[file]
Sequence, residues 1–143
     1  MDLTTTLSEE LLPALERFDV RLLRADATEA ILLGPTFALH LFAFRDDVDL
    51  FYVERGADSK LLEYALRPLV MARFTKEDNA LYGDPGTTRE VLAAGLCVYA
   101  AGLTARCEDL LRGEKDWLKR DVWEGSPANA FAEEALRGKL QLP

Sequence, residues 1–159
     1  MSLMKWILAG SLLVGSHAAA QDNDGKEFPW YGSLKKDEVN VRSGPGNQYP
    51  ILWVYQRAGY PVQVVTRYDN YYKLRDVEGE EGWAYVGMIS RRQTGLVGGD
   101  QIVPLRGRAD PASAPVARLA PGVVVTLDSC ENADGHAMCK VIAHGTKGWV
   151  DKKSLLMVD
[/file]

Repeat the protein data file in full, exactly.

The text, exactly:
Sequence, residues 1–143
     1  MDLTTTLSEE LLPALERFDV RLLRADATEA ILLGPTFALH LFAFRDDVDL
    51  FYVERGADSK LLEYALRPLV MARFTKEDNA LYGDPGTTRE VLAAGLCVYA
   101  AGLTARCEDL LRGEKDWLKR DVWEGSPANA FAEEALRGKL QLP

Sequence, residues 1–159
     1  MSLMKWILAG SLLVGSHAAA QDNDGKEFPW YGSLKKDEVN VRSGPGNQYP
    51  ILWVYQRAGY PVQVVTRYDN YYKLRDVEGE EGWAYVGMIS RRQTGLVGGD
   101  QIVPLRGRAD PASAPVARLA PGVVVTLDSC ENADGHAMCK VIAHGTKGWV
   151  DKKSLLMVD